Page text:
A substantial article was recently published by Cureus which explores the role of liquid biopsy in diagnosis and prognosis of WHO grade 4 astrocytoma (Glioblastoma), and provides a comprehensive overview of the current state of play for the modality. Here we break down the key information, discuss the overall take-aways and what the future of care looks like for the brain cancer community.
What is a liquid biopsy?
A liquid biopsy is an alternative method of determining the diagnosis and/or prognosis of a condition. It uses biological fluid, or ‘biofluid’, obtained from the body. This may include blood, urine, or cerebrospinal fluid. The biofluid is then sequenced to detect cancer cells, revealing information that can inform, support, or determine diagnosis and prognosis.
Evaluating new methods for disease monitoring is an important area of research in which PRIME plays an active role. Our PRIME service has provided patient involvement support to multiple studies which are utilising liquid biopsies. Across these projects, researchers are determining how liquid biopsies can benefit the treatment pathway for patients as either a primary or secondary aim. Click here to find out more and get involved.
Progress with liquid biopsies
Research into liquid biopsies as a potential tool has been ongoing for decades. But more recently they have become a realistic option for detecting markers of tumours (typically in blood). Our understanding and utilisation of this modality has improved enough that researchers are now exploring how this option could compete with or support our standard practice of monitoring and diagnosing patients.
The latest World Health Organization (WHO) classifications of brain tumours allows for a greater comprehension of how tumours behave and respond to treatments. It is also aiding our ability to understand information collected through liquid biopsy. A useful table outlining the WHO classifications is featured here.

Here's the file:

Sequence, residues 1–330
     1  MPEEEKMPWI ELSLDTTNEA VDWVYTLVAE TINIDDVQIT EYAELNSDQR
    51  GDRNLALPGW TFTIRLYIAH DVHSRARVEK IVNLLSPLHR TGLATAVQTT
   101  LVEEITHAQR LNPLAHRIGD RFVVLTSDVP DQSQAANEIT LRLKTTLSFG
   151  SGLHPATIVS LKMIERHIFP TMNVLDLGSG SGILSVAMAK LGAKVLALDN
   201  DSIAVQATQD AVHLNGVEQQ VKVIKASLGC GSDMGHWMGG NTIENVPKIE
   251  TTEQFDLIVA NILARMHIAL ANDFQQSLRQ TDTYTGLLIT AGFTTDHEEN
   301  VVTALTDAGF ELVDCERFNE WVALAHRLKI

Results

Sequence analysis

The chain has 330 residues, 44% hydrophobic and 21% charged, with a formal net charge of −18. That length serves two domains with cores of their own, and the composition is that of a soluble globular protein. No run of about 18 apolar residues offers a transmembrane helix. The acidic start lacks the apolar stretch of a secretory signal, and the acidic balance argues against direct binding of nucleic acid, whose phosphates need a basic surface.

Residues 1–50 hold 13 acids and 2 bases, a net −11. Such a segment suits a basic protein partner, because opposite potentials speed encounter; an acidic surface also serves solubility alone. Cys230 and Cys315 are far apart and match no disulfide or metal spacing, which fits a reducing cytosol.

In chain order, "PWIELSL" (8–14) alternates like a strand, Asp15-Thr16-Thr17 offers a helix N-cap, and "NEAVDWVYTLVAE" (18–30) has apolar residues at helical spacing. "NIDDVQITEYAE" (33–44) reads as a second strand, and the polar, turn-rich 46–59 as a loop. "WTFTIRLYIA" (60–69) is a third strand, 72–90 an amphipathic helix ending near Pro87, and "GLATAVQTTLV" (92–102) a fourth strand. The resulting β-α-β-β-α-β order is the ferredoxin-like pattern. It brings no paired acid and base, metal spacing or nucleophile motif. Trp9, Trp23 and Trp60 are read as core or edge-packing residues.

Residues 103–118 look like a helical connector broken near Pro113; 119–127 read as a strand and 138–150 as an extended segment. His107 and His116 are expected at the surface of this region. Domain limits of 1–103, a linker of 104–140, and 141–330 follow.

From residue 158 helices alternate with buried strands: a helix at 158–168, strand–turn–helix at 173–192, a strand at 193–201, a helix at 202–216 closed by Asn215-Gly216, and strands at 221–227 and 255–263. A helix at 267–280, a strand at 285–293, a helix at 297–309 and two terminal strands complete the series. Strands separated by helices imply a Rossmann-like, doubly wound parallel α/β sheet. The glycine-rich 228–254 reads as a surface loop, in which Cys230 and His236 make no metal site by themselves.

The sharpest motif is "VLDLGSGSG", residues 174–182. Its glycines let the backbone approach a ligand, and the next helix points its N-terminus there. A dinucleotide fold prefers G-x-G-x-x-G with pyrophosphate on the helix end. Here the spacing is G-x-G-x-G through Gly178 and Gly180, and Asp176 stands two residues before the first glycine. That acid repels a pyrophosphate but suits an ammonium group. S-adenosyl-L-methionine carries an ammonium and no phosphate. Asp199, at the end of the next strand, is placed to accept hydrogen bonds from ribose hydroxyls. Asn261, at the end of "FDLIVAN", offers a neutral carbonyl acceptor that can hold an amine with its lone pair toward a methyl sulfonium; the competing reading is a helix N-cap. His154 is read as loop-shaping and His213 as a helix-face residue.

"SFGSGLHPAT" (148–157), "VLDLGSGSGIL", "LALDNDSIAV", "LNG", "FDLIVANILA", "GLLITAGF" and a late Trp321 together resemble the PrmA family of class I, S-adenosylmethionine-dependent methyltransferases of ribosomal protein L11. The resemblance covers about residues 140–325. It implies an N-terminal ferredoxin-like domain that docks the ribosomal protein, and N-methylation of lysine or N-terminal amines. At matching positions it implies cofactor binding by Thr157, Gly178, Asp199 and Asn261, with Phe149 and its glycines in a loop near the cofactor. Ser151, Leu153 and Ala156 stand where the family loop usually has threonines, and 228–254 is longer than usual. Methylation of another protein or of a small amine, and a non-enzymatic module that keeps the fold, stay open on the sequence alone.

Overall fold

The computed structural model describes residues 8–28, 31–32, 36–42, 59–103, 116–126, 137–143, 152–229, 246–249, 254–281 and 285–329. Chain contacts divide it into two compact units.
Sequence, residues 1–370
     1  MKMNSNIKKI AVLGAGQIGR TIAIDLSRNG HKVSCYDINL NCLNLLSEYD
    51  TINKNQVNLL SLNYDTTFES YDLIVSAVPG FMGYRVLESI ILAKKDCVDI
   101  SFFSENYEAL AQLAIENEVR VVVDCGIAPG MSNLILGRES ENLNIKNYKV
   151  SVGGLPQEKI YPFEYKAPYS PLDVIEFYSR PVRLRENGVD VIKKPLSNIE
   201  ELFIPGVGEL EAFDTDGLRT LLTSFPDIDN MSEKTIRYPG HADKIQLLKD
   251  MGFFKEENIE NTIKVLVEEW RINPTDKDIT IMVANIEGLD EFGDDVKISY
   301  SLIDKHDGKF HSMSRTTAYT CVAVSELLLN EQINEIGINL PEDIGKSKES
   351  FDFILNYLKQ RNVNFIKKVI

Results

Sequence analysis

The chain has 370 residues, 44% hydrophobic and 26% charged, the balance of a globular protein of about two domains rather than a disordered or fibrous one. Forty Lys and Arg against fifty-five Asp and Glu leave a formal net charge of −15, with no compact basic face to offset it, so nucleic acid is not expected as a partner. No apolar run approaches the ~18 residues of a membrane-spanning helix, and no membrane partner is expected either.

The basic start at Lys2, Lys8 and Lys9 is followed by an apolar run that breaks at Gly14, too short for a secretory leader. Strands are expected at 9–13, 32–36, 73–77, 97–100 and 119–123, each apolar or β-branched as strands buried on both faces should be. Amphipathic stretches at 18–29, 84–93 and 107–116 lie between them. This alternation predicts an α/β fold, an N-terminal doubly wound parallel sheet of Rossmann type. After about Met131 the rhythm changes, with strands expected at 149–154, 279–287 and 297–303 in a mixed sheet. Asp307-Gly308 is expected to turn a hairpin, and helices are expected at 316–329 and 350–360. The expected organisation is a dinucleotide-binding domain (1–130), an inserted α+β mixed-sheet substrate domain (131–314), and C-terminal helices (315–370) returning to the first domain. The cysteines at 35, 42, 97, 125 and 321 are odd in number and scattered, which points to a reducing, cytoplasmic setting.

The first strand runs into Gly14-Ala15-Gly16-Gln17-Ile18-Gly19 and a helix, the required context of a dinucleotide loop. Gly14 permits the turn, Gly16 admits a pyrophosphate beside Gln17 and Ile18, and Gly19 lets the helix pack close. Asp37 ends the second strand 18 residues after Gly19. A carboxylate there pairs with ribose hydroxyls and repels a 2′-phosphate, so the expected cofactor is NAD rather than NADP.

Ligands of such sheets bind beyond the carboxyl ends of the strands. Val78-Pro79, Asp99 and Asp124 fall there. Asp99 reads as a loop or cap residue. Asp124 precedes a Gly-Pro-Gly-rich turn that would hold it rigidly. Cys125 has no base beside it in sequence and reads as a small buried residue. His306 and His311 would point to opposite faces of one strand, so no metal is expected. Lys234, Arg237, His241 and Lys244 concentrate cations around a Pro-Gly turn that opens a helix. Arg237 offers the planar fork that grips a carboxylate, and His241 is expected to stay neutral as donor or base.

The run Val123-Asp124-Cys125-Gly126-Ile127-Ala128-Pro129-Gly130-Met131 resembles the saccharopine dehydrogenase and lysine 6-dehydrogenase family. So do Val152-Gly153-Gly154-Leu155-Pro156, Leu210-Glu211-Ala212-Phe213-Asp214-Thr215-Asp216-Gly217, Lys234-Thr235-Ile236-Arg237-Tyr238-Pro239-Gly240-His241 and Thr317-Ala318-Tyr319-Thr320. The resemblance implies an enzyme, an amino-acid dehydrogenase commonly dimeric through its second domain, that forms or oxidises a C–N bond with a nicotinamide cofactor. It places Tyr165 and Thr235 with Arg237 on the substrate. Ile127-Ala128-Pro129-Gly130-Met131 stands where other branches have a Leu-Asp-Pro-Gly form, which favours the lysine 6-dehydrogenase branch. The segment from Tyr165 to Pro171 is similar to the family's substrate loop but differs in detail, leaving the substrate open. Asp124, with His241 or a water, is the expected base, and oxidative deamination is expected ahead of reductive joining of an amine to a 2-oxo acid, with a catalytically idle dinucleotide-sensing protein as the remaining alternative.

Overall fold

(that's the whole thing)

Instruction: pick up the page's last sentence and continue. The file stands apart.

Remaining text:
WHO grade 4 astrocytoma (more commonly referred to as glioblastoma) is the most common primary malignant brain tumour in adults. It accounts for 60% of all astrocytoma, and 50% of all primary malignant tumours.
Currently, the standard of care for WHO grade 4 astrocytoma is surgery, radiotherapy and chemotherapy. Molecular testing of tumour samples helps classify the tumour, but these techniques are not cost-effective and can be inconclusive.
It is integral to improving care for our community that we develop methods requiring less intervention. Liquid biopsies present a potential solution.
What are the advantages of liquid biopsies? Are there limitations?
Obtaining biomarkers in blood or cerebrospinal fluid is easy. Furthermore, the biofluid can be measured multiple times, making it a more effective way to monitor disease progression.
Traditionally in standard care, the tumour is removed during surgical resection or a surgical biopsy. These procedures are invasive and have limitations. Limitations include the challenge of preserving tumour samples for sequencing and issues arising when there is not enough sample for a definitive conclusion. Additionally, invasive biopsies can create risk of cognitive complications for the patient spanning from speech impairments, balance or memory to severe health risks or even death.
Liquid biopsies would significantly decrease many of these risks, as well as potentially provide a fuller picture of how the cancer cells are behaving.
Potential drawbacks to liquid biopsy however include the potential for information to be missing in the biofluid. There is also a lot of further research and development necessary to know how best we can utilise this modality, and rely on it for consistent insight on how to best manage and provide appropriate treatment and support to those living with a brain tumour. However, it remains an exciting field of exploration which provides a promising alternative for the outcome and comfort of someone facing a diagnosis.
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If you or someone you love is living with a brain tumour and have any questions around this latest news, or want to access support, give us a call on 01983 292 405 or email email@example.com. You can also visit our little brainstrust website which features support for children affected by brain tumour.